Biology Little is known of the biology of Hapuku in Australian waters. The sexes are separate and fertilisation is external. Hapuku mature at 10-13 yeras and may live to more than 60 years. They spawn in midwinter following a prespawning migration.
The eggs and larvae are pelagic. Anderson et al. (2012) described eggs and larvae reared in laboratory conditions. Hapuku have an extended pelagic juvenile phase, and spend up to 4 years in the open ocean before settling out in deeper water.
Although Hapuku are widespread in sou9thern hemisphere waters, genetic studies have shown that there three distinct populations
Fisheries A highly valued commercial and recreational fish, taken in small numbers in Australia, mostly as bycatch in the deepsea Blue-eye Trevalla fishery. Hapuku are commercially important in New Zealand waters where they are taken in large numbers by long-line fishers. There is some concern that populations can be easily overfished.
The flesh is excellent eating.
Conservation • EPBC Act 1999 : Not listed
• IUCN Red List : Not Evaluated
Similar Species Differs from the Bass Groper, Polyprion americanus, in having a shallower body (less than 30% standard length), and a distinctly countershaded colour pattern - adults are dark above and paler below; pelagic juveniles have oblique bands on the body.
Species Citation • Epinephelus oxygeneios Forster, J.R. in Bloch, M.E. & Schneider, J.G. 1801. Systema Ichthyologiae Iconibus ex Illustratum. Berlin 584 pp. 110 pls [301].
• Type locality: Queen Charlotte Island, New Zealand.
Author Dianne J. Bray

http://fishesofaustralia.net.au/home/species/3235

Attachment: PolyprionOxygeneiosNMV.jpg (Downloaded 101 times)

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 Posted: Wed Nov 2nd, 2016 06:53 pm
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Bass Groper, Polyprion americanus (Bloch & Schneider 1801)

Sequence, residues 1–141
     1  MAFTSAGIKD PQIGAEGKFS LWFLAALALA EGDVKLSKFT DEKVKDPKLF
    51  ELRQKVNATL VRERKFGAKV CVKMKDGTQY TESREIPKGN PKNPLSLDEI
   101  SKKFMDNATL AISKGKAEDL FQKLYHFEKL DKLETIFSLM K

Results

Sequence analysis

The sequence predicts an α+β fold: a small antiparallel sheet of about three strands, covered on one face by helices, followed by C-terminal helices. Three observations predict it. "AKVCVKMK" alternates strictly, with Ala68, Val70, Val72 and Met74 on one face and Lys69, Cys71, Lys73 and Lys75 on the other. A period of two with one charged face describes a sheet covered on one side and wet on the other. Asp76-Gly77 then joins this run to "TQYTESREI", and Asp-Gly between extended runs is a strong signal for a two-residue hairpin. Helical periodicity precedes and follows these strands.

More Info (WRECKFISH IN SA)
________________________________________
Distribution Widespread in southern Australia from about Fraser Island (Queensland) to north of Perth (Western Australia), including Tasmania.
Elsewhere widespread but discontinuous in the Atlantic, Indian and Pacific Oceans, including New Zealand.
Adults usually inhabit deep rocky reefs at 100–900 m (most commonly at 350-700 m), juveniles to 60 cm are pelagic, associating with floating debris.
Features Meristic features.
Dorsal fin spines/rays: XI-XII, 11-12
Anal fin spines/rays: III, 9-10
Caudal fin rays: 17
Pectoral fin rays: 15-18
Pelvic fin spines/rays: I, 5
Lateral line (incl. onto caudal fin): 70-87
Vertebrae: 13 + 14.
Body depth 35.3-43.3% SL; head length 37.6-44.4% SL; bony orbit diameter 18.2-21.1% HL; upper jaw 39.8-50.5% HL, lower jaw protruding; posterior margin of preopercle and subopercle finely serrate (juveniles with strong serrations on orbitals, supraoccipital crest, opercular ridge, posttemporal, supracleithrum, cleithrum, and pelvic and anal spines).
Size Reaches 2 m in length and 100 kg in weight, commonly to 80 cm and 15 kg.
Colour Adults uniform dark brown to slate grey on sides, caudal angles white; juveniles brownish grey, mottled with irregular pale white to yellow markings, caudal with white margin.
Feeding Carnivores - feed on other fishes and invertebrates.
Biology The sexes are separate and fertilisation is external. Bass Groper spawn in mid-winter, possibly after a substantial migration to the spawning grounds.
Fisheries Taken as bycatch on deep longlines in the Blue-eye Trevalla fishery in Australian waters.
Conservation • EPBC Act 1999 : Not listed
• IUCN Red List : Not Evaluated (Australian population)
The Bass Groper is threatened by over-fishing in some areas and listed by the IUCN as Data Deficient in some parts of its range.
Species Citation Amphiprion americanus Bloch & Schneider, 1801, Syst. Ichth.: 205. Type locality: "America".
Author DIanne J. Bray & Martin F. Gomon

http://fishesofaustralia.net.au/home/species/3234

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 Posted: Thu Nov 3rd, 2016 01:35 am
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Still not matching the colour.They say 3 distinct populations of Hapuku and that you find them with the deep water travelly(bluenose)Confirms it.I think we have our own spiesie of Hapuku here with its own colours. But nothing beats DNA results.I'll wait for confirmation before I fish for them.

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 Posted: Thu Nov 3rd, 2016 01:56 am
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Interesting have a look at polyprion idea